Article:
By Jennifer Borage

It’s 9 a.m., and there’s a lot of excitement in the Parish House of St. Paul’s Episcopal Church in downtown Macon, Georgia. Children are standing up in front of pews, stomping their feet and chanting. A college student beats a red bucket like a drum.

“It’s Tuesday at Harambee, and Freedom School’s in the house!”

For six weeks in the summer, the church is home to Freedom School, a program dedicated to helping 50 rising first- through third-graders improve their reading skills and learn self-empowerment.

Each day starts with Harambee, which means “to pull together” in Swahili. Here, it’s basically a giant pep rally, getting the children pumped up and ready for reading. College students — four of whom are from Sullivan Foundation partner school Mercer University — lead the charge.

“A lot of kids have a negative view about going to school every day during the school year,” said NaShaya Bartolo, a junior double-majoring in law and public policy and English. She’s one of the Freedom School teachers, known as servant leader interns. “So we’re really trying to reinforce the fun and to show them that reading is also fun.”

Creating Better Readers
Reading is embedded in everything the children do at Freedom School. During Harambee, a guest reads a story aloud and discusses the book. Then, the children break up into groups, going to classrooms for three hours of reading and related exercises. After lunch, they participate in enrichment activities, such as gardening, ceramics, dance, writing and field trips — all with a tie back to reading.

“We read to them, they read to us, and we find ways to increase their reading abilities,” said Ashanti Griggs, a senior majoring in neuroscience who is also a servant leader intern.

Mercer University students (from left) Ibrahim Aslam, Charlie Marrs and NaShaya Bartolo interact with children during Harambee at Freedom School. (Photo by Bekah Howard)

Charlie Marrs, a senior double-majoring in creative writing and religion, is site coordinator at Freedom School, overseeing the teachers and making sure they have the needed supplies. Last year, she worked as a servant leader intern, teaching creative writing in the afternoons, something she’s continuing to do.

“We run a newspaper every week that the kids write up all of the columns for, and then I put it together,” Marrs said.

The children also write poetry. “We’ll go outside and pick up sticks or different things in nature and bring them back inside and use our five senses to write a poem about them,” Marrs said.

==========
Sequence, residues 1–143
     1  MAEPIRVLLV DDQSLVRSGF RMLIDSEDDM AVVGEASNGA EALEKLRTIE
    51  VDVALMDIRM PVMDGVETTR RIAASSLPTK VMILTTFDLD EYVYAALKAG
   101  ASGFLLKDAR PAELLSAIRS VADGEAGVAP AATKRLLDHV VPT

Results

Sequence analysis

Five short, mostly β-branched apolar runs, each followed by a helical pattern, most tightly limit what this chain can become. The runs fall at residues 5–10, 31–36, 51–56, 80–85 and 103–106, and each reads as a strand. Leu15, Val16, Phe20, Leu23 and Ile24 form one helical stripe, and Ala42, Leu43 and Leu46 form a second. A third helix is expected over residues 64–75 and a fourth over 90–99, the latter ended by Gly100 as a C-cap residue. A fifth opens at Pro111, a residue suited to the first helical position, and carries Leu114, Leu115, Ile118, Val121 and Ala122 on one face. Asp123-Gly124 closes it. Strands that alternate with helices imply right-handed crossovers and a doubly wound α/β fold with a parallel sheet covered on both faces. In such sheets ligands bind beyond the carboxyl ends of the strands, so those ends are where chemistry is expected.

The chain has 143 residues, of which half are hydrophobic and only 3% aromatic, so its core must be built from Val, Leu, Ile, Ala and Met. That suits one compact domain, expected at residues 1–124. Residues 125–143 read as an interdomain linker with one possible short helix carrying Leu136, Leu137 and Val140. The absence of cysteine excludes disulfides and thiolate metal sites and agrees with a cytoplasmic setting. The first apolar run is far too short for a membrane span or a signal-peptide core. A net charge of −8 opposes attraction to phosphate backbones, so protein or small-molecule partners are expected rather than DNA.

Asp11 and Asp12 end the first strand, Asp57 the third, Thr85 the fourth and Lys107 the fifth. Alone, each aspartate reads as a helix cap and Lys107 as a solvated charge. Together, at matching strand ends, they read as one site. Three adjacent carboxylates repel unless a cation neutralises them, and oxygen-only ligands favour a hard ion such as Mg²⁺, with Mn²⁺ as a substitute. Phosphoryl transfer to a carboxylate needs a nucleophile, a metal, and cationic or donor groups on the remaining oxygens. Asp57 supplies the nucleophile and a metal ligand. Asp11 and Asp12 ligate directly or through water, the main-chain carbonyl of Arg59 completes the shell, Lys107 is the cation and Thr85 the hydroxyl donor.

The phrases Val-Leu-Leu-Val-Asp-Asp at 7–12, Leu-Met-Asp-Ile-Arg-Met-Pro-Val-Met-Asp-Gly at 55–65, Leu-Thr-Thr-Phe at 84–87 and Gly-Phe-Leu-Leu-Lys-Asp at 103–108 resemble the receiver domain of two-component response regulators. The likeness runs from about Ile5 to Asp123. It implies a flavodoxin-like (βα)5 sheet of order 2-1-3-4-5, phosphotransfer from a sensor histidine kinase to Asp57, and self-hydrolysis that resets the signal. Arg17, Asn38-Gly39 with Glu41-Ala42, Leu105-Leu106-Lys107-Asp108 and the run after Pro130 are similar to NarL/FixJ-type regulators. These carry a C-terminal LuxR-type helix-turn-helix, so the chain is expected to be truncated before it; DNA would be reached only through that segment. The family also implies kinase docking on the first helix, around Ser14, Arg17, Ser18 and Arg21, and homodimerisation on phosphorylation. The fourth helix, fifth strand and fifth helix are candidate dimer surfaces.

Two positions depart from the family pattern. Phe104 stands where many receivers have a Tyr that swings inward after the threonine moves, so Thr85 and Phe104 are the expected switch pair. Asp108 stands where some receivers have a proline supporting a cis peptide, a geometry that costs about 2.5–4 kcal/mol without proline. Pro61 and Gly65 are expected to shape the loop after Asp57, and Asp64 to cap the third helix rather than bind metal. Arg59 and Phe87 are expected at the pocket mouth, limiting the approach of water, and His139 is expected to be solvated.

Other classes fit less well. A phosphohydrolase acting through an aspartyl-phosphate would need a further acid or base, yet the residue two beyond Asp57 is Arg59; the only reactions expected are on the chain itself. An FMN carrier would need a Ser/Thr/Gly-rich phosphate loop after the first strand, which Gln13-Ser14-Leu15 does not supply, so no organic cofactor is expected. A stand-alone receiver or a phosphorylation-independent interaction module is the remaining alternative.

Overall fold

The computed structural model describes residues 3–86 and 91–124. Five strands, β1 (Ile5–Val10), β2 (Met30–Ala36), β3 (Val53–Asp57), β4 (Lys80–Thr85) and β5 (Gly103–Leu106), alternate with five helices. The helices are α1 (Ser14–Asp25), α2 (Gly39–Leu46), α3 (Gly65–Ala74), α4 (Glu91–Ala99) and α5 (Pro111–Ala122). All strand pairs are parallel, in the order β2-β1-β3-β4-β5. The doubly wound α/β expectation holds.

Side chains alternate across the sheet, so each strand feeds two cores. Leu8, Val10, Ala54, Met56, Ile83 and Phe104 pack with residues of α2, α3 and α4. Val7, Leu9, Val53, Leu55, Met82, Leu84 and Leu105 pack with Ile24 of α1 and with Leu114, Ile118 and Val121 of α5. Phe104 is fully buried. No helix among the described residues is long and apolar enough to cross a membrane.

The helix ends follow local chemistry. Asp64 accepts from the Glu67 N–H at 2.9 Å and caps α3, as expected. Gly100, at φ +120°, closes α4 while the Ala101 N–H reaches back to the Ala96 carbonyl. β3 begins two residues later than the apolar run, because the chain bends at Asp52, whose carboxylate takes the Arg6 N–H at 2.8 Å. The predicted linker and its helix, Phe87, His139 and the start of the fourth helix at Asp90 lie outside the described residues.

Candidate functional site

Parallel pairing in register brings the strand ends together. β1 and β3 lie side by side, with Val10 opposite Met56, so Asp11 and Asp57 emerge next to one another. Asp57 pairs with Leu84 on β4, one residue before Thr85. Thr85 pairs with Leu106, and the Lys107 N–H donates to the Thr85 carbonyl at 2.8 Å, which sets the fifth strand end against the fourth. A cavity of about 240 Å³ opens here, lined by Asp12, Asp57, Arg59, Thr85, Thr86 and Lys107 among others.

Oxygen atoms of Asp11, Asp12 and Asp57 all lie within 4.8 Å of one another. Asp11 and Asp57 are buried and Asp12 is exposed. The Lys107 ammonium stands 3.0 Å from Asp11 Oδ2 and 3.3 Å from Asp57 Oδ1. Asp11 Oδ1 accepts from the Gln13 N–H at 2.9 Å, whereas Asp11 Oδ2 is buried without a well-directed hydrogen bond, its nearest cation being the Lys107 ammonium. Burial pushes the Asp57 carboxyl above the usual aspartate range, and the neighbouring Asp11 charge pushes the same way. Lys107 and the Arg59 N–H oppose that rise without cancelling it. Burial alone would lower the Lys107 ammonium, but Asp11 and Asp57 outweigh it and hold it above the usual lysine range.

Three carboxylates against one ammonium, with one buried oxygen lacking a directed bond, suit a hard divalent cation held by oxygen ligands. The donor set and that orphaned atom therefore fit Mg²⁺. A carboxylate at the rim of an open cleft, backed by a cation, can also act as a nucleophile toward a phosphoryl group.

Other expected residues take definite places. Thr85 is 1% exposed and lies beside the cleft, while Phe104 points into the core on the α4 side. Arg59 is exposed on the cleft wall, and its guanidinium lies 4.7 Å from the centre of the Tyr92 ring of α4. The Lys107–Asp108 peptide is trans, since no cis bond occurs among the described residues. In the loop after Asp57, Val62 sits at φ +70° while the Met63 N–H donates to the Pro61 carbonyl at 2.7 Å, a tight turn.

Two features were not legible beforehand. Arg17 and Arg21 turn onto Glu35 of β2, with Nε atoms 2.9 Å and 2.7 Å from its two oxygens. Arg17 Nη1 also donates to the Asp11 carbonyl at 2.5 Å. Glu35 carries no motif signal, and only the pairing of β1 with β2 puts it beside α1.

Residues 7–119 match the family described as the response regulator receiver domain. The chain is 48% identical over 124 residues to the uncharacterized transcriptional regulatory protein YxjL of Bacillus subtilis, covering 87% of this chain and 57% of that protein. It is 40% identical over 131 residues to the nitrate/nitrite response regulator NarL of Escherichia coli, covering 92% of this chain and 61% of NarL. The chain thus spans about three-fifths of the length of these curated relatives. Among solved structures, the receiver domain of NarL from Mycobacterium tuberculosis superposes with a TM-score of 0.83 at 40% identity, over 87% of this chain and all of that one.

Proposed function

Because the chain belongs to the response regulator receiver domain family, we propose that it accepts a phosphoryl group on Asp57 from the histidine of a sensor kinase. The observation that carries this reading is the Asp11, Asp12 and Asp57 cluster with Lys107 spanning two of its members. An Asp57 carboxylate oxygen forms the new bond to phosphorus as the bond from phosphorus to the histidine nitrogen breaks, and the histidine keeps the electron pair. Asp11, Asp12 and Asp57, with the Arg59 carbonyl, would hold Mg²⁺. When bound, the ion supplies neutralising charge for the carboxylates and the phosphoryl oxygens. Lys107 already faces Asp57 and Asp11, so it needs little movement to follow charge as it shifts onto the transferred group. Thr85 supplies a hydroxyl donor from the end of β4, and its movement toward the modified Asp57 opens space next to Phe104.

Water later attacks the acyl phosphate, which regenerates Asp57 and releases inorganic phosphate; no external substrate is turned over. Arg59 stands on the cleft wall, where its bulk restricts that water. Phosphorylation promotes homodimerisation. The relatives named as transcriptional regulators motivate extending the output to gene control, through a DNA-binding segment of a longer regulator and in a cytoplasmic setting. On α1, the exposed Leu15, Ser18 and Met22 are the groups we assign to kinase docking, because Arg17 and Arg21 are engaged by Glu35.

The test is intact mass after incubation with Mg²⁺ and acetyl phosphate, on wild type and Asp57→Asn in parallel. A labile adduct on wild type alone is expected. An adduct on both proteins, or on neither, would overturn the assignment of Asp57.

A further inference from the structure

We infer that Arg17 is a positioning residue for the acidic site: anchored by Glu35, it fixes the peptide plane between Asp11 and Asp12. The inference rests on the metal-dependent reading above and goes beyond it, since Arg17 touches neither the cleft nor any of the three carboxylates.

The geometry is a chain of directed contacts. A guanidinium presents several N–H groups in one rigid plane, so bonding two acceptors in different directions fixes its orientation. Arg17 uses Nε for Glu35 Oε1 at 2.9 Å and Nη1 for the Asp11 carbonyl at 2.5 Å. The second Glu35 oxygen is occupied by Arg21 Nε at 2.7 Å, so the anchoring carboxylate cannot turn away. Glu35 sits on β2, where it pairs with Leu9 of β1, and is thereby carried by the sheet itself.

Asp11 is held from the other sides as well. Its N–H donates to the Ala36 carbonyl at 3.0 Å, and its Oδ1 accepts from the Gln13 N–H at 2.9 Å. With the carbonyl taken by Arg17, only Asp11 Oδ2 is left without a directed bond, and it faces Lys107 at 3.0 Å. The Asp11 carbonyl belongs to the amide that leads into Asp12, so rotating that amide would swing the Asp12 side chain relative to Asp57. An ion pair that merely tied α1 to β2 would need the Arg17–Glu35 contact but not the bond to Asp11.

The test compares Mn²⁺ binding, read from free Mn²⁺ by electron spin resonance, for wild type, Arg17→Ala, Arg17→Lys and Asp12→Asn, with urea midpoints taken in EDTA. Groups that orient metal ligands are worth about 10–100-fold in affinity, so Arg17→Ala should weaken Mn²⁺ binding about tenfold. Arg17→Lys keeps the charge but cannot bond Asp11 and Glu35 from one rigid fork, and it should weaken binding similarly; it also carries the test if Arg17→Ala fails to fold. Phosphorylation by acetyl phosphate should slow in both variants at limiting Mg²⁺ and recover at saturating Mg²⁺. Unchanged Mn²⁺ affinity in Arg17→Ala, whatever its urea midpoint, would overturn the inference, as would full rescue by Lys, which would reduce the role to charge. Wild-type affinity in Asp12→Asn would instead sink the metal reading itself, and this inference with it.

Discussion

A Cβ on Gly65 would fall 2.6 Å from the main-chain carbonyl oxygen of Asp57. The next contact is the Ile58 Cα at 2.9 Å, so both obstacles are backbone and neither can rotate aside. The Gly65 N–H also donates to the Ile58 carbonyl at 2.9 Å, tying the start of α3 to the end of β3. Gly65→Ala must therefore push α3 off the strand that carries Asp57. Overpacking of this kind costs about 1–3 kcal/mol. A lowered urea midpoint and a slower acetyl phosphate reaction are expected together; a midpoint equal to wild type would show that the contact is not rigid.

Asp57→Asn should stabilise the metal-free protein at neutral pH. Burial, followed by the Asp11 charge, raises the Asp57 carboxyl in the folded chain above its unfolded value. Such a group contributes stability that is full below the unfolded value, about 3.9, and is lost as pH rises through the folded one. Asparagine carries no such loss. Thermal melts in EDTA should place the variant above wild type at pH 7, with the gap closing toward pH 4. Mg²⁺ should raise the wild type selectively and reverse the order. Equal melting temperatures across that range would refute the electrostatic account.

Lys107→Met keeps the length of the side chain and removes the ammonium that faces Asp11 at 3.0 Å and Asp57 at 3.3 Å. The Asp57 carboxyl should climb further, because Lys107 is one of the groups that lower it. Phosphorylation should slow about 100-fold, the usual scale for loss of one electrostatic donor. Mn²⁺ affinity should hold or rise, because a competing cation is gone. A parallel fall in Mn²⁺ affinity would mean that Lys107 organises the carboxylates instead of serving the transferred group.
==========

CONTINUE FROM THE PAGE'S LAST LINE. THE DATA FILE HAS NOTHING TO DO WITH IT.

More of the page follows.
The children at Freedom School primarily come from Ingram-Pye, Riley and Southfield elementary schools. Those schools were chosen because they have among the lowest reading scores in Bibb County, said Julie Groce, missioner for Appleton Episcopal Ministries, which started Macon’s Freedom School in 2017.

Servant leader interns are trained by and use a curriculum from the Children’s Defense Fund, which opened its first Freedom School in 1995 and now has 183 sites in 87 cities nationwide. Freedom School provides breakfast and lunch and is run at no cost to the students who attend.

“One thing that I think makes this program important is that a lot of these kids come from pretty poor home situations, and so they’re fine when they’re at school because they can get away from that for a whole school day,” said teacher Ibrahim Aslam, a senior double-majoring in biology and Spanish.

“But … over the summer it’s hard to avoid that. They can’t really escape it. Freedom School offers a respite from what may be going on at home. They can get fed, they can be cared for and nurtured, and they can have positive role models.”

Mercer University junior NaShaya Bartolo works with children at Freedom School. (Photo by Bekah Howard)

Positive Outcomes

Children come out of Freedom School more motivated. Even when they have a hard time learning, they now have the perseverance to keep going, Groce said. “Several of our children have been with our program for all three years,” she said. “And there are three or four of our kids who are actually now accelerated readers after going through this program.”

Dr. Danielle Howard, principal of Ingram-Pye Elementary, said Freedom School’s smaller setting allows the servant leader interns to connect with children on a more personal level, “so some of our high-needs students get that individual attention.”

One student made such an impression on the servant leader interns that they started coming to school the next year to check on him. “That made his year so much better,” Howard said.

Freedom School is another way Mercer students are living out the University’s commitment to equity and social justice, said Dr. Mary Alice Morgan, senior vice provost for service-learning at Mercer. “Students don’t just happen to go to college in Macon; they feel invested in Macon and its future,” she said. “As we say around campus, ‘Changing the world starts at home.’ ”

Marrs has seen the impact of her community involvement firsthand. “I have seen just in the two years I’ve been doing this that kids who come back do have higher reading levels and are doing better in school,” she said. “But even more than that, their personalities really blossom because they know that they’re loved, and they know that they’re cared for here.

“This is much more than just a teaching job or a camp or hanging out with kids during the summer. It is really life-changing.”

This article originally appeared here on the Mercer University website.


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